The Oldest Coffee Mugs in the World - The History of Coffee Mugs
The first mug on earth was made of bone.
The first mugs ever were found in the Neolithic Stone Age, and dated to about 10000 BCE, found in China or Japan and was made of bones. Old mugs are even made of wood, but most of them have not survived intact. The first pottery mugs, which were made on a potter wheel, were found in the Late Neolithic Period approximately 2500 to 2000 BCE in China. The decoration process of pottery mug was quite easy – it was also relatively easy to add a handle. An example of a rather advanced, decorated clay mug was found in Greece around 4000–5000 BCE. The meaning of the carving in the handles is yet unknown, but it is probably not functional. A huge disadvantage of those clay made mugs was their thick walls, which made them unfit for the mouth. The walls got thinner with development of metal processing techniques. Metal mugs were produced from bronze, silver, gold, and even lead, starting from roughly 2000 BCE, but were hard to use with hot drinks. The invention of porcelain around 600 BCE opened a new generation of mugs made from porcelain that we still widely use today.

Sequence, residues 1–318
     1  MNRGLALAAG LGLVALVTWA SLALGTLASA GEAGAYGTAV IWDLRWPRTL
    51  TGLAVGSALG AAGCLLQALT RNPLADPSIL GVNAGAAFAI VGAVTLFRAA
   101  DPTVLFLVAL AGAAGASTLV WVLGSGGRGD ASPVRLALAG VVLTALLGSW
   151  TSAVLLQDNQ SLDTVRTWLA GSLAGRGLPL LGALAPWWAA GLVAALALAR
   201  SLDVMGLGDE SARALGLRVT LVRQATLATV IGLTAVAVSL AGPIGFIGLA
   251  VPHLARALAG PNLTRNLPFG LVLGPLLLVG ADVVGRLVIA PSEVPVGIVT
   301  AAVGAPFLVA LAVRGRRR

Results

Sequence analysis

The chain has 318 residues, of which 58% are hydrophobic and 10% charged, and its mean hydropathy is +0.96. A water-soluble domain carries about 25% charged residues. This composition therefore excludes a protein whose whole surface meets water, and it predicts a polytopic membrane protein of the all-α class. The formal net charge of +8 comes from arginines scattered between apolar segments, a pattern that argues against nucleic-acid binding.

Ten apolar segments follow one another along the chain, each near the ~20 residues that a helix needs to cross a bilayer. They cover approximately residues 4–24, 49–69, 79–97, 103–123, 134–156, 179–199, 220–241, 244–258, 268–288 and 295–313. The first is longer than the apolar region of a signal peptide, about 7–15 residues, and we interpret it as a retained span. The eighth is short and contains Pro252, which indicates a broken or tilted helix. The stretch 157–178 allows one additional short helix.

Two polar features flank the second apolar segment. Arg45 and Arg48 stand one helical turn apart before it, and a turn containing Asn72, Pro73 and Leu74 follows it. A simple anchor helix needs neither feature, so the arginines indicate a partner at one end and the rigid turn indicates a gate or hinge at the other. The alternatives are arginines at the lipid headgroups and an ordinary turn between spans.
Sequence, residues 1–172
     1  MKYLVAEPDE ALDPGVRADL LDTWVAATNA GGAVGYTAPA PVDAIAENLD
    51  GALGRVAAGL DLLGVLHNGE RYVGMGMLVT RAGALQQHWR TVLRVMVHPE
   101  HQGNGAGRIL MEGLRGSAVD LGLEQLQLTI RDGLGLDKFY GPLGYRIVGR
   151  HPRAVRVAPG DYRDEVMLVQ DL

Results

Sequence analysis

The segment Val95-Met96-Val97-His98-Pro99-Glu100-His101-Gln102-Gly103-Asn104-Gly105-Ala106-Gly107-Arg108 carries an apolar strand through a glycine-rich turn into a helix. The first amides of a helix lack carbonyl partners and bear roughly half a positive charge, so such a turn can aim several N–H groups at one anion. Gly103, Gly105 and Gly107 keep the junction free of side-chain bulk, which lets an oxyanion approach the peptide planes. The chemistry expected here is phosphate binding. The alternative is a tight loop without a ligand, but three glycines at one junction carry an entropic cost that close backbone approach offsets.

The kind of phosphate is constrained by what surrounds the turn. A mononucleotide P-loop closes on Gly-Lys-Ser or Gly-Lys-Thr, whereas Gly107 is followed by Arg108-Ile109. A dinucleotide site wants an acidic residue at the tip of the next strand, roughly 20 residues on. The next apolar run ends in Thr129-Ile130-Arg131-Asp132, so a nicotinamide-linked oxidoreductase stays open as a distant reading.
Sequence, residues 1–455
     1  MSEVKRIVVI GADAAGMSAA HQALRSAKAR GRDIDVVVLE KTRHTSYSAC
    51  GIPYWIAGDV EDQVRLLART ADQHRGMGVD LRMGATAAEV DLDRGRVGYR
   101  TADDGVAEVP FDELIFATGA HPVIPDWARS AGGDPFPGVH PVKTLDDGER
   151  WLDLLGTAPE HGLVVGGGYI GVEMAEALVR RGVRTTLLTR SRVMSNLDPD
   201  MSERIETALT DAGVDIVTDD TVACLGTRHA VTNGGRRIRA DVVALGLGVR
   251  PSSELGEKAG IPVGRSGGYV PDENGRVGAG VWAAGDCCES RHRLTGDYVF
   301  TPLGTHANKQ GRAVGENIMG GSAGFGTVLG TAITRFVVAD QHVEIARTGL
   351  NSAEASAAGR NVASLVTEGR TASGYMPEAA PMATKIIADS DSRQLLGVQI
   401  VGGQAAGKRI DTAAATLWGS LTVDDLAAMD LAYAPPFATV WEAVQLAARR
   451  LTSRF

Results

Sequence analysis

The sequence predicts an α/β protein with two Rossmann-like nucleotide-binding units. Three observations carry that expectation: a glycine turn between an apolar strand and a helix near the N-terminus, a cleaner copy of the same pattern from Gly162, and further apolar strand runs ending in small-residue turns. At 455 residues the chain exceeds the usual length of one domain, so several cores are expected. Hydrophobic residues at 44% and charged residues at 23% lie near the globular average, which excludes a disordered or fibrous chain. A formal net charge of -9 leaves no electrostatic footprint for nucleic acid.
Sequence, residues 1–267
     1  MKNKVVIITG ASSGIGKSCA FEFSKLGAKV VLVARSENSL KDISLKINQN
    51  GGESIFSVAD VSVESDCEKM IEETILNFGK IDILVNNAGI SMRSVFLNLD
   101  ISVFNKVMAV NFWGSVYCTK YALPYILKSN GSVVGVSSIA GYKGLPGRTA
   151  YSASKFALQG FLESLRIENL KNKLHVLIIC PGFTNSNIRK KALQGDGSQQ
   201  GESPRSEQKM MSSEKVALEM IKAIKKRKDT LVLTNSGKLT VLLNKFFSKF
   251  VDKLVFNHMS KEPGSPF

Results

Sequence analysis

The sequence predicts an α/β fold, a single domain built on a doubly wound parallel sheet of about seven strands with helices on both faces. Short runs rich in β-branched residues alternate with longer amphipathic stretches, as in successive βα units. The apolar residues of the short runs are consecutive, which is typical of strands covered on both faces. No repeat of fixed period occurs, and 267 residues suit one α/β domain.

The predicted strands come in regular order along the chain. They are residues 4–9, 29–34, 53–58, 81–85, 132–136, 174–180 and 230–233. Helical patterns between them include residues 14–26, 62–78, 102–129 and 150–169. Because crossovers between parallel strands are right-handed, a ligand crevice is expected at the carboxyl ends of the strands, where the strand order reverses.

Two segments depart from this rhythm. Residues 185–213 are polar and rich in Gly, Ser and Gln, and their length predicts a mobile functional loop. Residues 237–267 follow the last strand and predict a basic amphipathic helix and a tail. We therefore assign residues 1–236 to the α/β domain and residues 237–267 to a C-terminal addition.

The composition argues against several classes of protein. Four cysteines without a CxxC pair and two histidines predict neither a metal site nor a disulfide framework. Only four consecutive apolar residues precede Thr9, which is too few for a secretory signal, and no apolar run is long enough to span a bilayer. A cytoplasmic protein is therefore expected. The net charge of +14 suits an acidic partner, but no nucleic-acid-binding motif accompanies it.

The word “mug” used to indicate a picture of prisoner or person’s head. In 18th century, drinking vessels were called “mug” because it has the same shape with people’s head. There is no exact record as to when people started referring to it as “coffee mug”. Today, with the popularity of coffee (coffee is the world’s second most consumed drink after water), it is used to call general big cups containing hot beverages, even though it is used to hold tea or some other hot drinks (see more about differences between mug and cup)
Short Video of the Bushel with ibex motifs.
One of the oldest mug is the Bushel with ibex motifs, around 4200 to 3500 BCE in Susa. Watch this short video to get a better image of how old the mugs look.